Thursday, August 16, 2018

Are you one of those counted?



From Social Media Today

National Relaxation Day

Did you know that? Or, who establishes these days? Some company called Mental Floss has declared it. They have even given us "15 Scientific Ways to Relax for National Relaxation Day".

Here are their "ways"
1. GET A HOUSE OR OFFICE PLANT.
2. AVOID SCREENS BEFORE BEDTIME.
3. LISTEN TO CLASSICAL MUSIC.
4. DRINK GREEN TEA SWEETENED WITH HONEY.
5. GIVE YOURSELF A HAND MASSAGE.
6. LOCK LIPS WITH SOMEONE.
7. CHEW GUM.
8. BLOW UP A BALLOON.
9. MOW THE LAWN.
10. FIND SOMETHING TO MAKE YOU LAUGH.
11. MUNCH ON CHOCOLATE.
12. EAT A BANANA.
13. MAKE ANOTHER TRIP TO THE FRUIT STAND.
14. FOCUS ON RELAXING ALL OF YOUR MUSCLES.
15. TAKE A MINI MENTAL VACATION.

Tuesday, August 14, 2018

A super athlete at 84



Courtesy of our Florida correspondent

Dogs and wounds

Be a college application consultant

Your background need not be education. You can be a former CIA agent, a Hollywood screenwriter, a radiologist. There are more than 2,000 people doing the job. And making a decent dollar. Ms Bayliss runs the four-day Application Boot Camp at a Boston-area hotel. It's only $16,000.

Or, you can charge $5,000 or more if you are a summer expert who helps a teenager “find his passion” and “architect a plan” that includes brand-building volunteer, educational, or work opportunities. 

In the Boston area, the average consulting package — which includes a college list, essay and interview prep, and organizational tools and general advice — costs about $4,800. But it’s possible to spend $80,000 or more for star consultants.

Monday, August 13, 2018

The Mass. State Police has a few problems

The Boston Globe has been looking at the State Troopers and has found out a few things
Forty-six  troopers are involved in a pay scandal.
Two troopers routinely filed for more than 30 hours a week in overtime and paid details, but, according to the investigators, didn’t work the entire shifts, and sometimes no part of them at all. 
Leaders were repeatedly confronted not only with remarkable amounts of overtime hours but also suspicious sick time claims and sloppy record keeping across the agency.
Scores of troopers continued to routinely rake in more than $100,000 a year just in overtime and paid details.
Audits and disciplinary letters reviewed by the Globe show that at least 67 troopers were suspected of abusing sick leave since 2011, though they received little, if any, punishment beyond an infrequent written warning. One trooper regularly worked a paid detail, then clocked in for his regular shift, then filed for a partial sick day.
State Police audits show that payroll records in about 40 percent of the barracks contained inaccurate or unclear entries or were missing key information, such as when and where troopers worked.retired amid a scandal involving troopers who say they were ordered to falsify a police report to protect a judge’s daughter.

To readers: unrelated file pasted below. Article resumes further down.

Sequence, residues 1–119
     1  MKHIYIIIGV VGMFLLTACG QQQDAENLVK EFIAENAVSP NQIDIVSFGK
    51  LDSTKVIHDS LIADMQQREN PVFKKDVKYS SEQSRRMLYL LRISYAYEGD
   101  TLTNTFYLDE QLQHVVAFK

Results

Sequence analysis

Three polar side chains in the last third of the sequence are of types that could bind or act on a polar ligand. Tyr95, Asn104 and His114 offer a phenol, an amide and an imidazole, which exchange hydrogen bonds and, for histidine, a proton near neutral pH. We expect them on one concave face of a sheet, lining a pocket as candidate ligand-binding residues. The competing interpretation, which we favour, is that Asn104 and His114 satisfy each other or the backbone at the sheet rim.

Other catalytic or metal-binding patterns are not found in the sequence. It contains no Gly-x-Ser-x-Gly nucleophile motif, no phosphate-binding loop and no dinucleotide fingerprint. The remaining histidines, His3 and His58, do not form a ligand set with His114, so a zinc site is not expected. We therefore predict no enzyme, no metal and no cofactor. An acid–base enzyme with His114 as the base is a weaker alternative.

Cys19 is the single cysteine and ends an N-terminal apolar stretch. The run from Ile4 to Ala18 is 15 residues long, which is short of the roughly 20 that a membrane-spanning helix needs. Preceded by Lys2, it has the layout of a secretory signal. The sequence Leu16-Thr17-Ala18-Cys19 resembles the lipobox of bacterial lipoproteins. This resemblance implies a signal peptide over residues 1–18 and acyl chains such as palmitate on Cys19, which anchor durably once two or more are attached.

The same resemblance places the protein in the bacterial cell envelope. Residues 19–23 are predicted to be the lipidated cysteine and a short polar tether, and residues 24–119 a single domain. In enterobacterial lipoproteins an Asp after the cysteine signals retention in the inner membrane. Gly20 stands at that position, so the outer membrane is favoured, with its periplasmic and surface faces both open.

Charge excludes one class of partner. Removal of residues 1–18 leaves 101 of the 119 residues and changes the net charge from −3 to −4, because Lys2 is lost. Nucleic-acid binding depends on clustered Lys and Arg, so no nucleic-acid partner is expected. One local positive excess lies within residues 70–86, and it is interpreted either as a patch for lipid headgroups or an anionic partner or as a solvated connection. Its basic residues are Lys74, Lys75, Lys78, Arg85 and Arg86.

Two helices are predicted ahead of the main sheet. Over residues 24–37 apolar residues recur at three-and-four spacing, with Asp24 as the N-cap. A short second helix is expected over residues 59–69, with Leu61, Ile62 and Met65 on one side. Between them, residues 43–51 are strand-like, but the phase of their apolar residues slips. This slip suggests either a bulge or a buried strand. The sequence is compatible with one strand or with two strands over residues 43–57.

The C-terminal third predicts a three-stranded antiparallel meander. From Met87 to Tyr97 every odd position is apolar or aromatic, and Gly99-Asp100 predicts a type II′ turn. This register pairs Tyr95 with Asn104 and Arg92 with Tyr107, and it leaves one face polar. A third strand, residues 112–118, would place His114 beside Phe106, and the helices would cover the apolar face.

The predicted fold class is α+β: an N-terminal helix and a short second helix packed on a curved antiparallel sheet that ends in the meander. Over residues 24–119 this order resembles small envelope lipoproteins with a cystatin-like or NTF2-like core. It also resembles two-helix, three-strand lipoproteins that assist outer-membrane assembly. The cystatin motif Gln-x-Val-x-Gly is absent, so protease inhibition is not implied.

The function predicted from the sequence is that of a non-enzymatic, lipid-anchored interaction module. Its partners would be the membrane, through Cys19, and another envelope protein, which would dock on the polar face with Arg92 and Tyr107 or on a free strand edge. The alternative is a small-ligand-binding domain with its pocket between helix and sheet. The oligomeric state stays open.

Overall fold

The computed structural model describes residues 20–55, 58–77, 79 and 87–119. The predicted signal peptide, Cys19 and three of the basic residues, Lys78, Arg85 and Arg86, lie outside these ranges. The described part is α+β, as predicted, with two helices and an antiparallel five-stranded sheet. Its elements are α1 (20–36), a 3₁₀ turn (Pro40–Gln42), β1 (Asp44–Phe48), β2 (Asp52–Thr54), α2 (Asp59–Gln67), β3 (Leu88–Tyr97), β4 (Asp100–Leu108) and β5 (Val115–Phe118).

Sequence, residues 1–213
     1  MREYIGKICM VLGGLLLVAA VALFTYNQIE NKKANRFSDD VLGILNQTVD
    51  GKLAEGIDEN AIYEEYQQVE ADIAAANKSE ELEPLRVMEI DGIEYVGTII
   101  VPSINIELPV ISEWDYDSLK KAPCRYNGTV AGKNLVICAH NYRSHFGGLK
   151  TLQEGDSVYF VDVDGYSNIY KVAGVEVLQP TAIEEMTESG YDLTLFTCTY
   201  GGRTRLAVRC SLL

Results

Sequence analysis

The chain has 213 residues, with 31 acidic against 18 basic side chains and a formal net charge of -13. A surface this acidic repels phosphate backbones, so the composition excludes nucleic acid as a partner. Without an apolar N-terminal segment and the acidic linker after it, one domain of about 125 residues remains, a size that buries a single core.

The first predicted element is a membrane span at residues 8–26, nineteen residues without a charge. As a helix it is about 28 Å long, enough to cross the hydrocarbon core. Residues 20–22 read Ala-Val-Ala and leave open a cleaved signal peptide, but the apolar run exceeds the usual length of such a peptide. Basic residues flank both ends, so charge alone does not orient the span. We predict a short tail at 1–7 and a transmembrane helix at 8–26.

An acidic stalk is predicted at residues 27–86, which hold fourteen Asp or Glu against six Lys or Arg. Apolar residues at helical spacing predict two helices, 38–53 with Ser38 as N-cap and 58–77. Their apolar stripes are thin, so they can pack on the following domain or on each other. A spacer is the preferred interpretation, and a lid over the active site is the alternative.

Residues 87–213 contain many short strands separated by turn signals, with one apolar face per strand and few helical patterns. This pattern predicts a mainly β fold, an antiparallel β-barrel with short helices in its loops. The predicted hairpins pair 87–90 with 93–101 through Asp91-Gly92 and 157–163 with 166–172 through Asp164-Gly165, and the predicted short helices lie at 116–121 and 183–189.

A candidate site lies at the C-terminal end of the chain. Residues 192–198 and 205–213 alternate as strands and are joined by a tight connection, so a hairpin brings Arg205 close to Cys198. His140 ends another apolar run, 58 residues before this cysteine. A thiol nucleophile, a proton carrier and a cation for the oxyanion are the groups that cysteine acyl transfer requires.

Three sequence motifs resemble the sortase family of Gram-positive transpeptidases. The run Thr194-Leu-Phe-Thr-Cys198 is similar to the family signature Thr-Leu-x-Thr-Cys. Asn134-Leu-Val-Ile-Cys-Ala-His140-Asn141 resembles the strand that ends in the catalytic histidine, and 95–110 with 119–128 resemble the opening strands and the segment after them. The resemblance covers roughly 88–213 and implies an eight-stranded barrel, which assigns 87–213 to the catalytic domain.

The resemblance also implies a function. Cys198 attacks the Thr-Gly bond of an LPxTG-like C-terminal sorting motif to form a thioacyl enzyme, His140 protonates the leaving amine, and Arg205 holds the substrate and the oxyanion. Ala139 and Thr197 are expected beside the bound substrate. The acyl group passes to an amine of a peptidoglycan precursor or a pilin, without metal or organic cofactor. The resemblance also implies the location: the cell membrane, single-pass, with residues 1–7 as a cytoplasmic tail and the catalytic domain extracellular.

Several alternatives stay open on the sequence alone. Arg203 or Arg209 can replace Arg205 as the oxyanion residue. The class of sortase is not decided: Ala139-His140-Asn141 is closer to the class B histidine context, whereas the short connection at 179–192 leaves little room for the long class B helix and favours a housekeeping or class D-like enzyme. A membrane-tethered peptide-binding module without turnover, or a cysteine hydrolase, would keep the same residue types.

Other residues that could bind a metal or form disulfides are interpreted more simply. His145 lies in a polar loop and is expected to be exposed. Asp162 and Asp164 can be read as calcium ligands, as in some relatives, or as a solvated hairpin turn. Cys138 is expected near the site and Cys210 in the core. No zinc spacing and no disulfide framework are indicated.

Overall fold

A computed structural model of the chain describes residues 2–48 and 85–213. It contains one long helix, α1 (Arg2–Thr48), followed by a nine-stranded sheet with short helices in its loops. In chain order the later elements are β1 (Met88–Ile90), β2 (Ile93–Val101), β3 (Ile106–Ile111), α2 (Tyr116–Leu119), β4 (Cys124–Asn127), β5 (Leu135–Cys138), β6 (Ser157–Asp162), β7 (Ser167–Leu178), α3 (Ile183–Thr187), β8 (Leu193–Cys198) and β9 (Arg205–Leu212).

A trooper is charged with embezzlement; he altered traffic citations to make it look like he issued tickets during phony overtime shifts.
The pay of two troopers; one earned $187,340 last year, including about $72,000 in overtime and additional pay. The other earned roughly $181,661, including about $82,000 in overtime and other pay.
The agency’s former head of payroll pleaded guilty in June to stealing $23,900 from the department.
Inspectors found that one Troop F member coupled so many sick days with other time off that he worked just four Fridays during 2014.
A separate 2016 inspection of Troop F uncovered 11 senior officers who failed to clearly document what work they did during significant chunks of overtime.

Saturday, August 11, 2018

Helping him walk

Minimizing risk in the Emergency Room

See a woman doctor.

At times it seems that there are more studies than people. While the authors usually believe strongly that their studies are error-free and reflect the real world, that is not always the case, as we are all human beings. Nonetheless, studies are interesting.

One new study I looked at recently does not have a definitive conclusion. It only suggests that female heart attack patients may be at a higher risk of mortality in the emergency room if they see a male physician rather than a female one. Women are significantly less likely to survive heart attacks. According to 2016 American Heart Association statement, 26 percent of women will die within a year of a heart attack compared with just 19 percent of men. The gap widens with time: By five years after a heart attack almost half of women die, compared with 36 percent of men.

The study I looked at was done in Florida. The researchers  reviewed every heart attack case from every ER in the state. They found that if a heart attack patient was a woman and her emergency physician a man, her risk of death rises by about 12 percent. This means approximately one out of every 66 women with heart attacks dies in the emergency room if she sees a male doctor rather than a female one.

Interestingly, the study found that everyone was more likely to survive if they saw a female physician, and a study published last year in JAMA Internal Medicine indicated all patients of female physicians had lower mortality and hospital readmission rates.